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Care-Fronting is Confronting in a Caring Way
Care-fronting works like showing people their reflections in a mirror or having them watch a videotape of themselves. They get a perspective on themselves that they cannot achieve any other way.
Care-fronting is not trying to motivate people to change by condemning them. Sometimes we are tempted to try to get people to change by making them feel guilty. Instead, we should firmly but lovingly communicate how their actions are affecting us and then leave the results to God. This way the change will be sincere, not the result of manipulation.
Care-Fronting Risks Conflict
Five Options for Dealing with Conflict
I GIVE IN.
I WILL MEET YOU HALFWAY.
I CARE ENOUGH TO CONFRONT.
Carefully Frame Your Words to Help a Person Level and Respond Honestly
Focus your feedback on descriptions, not judgments. Do not comment on another's behavior as nice or rude, right or wrong. Use a clear, accurate description in neutral language. When a value judgment is received, there is a momentary break in contact. Example: "I am aware that your reply to my request for information was silence. Please tell me what this means."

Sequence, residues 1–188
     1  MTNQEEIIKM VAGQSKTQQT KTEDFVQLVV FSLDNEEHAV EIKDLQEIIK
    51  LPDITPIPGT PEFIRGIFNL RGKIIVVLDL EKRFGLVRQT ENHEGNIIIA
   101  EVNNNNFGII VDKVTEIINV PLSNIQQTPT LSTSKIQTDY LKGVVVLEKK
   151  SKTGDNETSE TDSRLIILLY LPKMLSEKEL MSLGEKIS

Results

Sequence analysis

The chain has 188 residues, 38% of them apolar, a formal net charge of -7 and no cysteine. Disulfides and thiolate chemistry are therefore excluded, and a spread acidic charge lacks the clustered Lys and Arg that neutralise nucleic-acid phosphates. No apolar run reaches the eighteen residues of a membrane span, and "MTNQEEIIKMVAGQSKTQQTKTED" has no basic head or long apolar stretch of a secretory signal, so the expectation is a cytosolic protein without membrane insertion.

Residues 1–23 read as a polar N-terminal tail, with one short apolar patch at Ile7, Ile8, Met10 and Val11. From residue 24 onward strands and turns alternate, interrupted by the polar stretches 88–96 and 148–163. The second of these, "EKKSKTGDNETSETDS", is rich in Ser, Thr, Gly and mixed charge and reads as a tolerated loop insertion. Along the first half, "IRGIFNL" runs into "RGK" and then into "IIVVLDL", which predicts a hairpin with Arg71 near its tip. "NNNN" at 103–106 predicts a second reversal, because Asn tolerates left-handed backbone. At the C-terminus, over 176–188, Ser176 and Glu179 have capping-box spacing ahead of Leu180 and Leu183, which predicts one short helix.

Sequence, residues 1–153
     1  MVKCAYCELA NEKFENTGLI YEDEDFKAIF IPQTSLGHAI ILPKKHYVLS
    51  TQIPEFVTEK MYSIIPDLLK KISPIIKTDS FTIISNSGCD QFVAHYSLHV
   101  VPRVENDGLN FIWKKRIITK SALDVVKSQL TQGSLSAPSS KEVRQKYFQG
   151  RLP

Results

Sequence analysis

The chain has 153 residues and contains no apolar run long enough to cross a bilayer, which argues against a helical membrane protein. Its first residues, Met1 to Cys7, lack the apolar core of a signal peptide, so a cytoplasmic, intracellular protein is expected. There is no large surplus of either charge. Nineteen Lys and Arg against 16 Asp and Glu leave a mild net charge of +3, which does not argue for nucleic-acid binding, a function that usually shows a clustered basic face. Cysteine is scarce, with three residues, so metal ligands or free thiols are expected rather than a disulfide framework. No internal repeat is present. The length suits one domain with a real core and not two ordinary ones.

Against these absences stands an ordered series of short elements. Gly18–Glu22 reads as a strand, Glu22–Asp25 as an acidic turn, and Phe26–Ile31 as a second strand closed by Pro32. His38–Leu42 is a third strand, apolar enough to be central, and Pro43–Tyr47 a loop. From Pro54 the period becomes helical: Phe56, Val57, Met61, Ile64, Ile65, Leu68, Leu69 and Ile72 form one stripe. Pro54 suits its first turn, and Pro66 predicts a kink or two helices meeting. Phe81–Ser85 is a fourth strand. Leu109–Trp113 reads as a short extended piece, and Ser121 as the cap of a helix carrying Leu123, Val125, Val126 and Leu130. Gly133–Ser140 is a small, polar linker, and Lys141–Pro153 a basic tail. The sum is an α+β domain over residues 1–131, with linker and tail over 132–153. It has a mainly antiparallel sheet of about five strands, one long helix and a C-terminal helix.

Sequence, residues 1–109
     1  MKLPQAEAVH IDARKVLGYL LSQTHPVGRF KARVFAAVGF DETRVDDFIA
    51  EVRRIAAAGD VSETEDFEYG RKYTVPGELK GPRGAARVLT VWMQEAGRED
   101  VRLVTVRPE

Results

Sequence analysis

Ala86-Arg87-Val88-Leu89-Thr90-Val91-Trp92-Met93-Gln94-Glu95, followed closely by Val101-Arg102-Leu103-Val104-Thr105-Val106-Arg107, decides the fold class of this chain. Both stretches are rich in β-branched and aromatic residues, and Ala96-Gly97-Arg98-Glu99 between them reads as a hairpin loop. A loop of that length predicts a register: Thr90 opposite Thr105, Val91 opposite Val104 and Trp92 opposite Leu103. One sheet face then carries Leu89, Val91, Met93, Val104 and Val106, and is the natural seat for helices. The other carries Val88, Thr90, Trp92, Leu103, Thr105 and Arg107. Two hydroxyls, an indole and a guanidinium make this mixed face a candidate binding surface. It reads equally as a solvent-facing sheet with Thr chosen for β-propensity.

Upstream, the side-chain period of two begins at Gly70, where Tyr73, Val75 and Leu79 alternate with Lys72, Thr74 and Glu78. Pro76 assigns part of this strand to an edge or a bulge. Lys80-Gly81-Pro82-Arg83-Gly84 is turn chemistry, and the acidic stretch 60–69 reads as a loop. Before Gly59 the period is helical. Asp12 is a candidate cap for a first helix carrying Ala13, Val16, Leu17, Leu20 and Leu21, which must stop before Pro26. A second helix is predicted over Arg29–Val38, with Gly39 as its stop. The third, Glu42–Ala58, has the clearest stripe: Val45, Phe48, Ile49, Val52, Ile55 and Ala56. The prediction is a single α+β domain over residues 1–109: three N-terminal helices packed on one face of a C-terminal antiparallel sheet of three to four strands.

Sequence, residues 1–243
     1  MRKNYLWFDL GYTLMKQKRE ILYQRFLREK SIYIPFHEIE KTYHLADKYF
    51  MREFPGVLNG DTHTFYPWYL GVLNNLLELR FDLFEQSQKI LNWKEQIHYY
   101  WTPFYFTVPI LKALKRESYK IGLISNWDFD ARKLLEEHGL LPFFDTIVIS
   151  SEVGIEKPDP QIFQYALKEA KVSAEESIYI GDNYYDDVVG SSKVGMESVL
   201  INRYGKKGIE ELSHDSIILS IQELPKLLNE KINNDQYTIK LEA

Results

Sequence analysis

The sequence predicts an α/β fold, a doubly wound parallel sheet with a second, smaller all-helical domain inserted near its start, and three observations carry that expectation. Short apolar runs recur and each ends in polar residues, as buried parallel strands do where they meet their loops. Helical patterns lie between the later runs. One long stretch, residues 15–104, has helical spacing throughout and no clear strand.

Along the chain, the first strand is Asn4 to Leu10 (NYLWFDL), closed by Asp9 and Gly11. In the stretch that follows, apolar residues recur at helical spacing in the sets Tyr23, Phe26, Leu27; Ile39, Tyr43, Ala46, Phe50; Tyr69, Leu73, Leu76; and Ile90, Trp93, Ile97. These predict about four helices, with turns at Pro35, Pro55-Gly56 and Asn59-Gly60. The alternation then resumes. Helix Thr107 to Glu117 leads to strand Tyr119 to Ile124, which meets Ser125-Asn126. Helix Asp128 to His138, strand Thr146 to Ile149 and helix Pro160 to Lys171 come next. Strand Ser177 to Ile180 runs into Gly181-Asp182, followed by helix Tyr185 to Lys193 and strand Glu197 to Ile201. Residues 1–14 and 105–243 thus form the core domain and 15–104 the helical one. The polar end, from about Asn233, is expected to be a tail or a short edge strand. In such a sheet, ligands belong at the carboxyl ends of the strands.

Focus feedback on ideas, information, and alternatives, not advice and answers. Comment not with instructions on what to do with the data you have to offer but with the data, the facts, the additional options. The more options that are available, the less likely it is that a person will come to a premature solution. Example: "I have several other options that you may have thought about, but let me run them by you again."
Focus feedback not on why but on what and how. "Why" critiques values, motives and intents. "Why" is judgmental; "what" and "how" relate to observable actions, behaviors, words, and tone of voice. Example: "Here is where we are; let's examine it."
Care-fronting should be done in a caring, gentle, constructive, and clear manner. Never care-front in a way that could be interpreted as blaming, shaming, or punishing.
Taken from Living Free Coordinator's Guide, Jimmy Ray Lee and Dan Strickland, Turning Point, Chattanooga, TN, 1999, pp 127-129. Used by permission
Adapted from the book Caring Enough to Confront by David Augsburger, copyright by Herald Press. Scottdale, PA 15683. Used by permission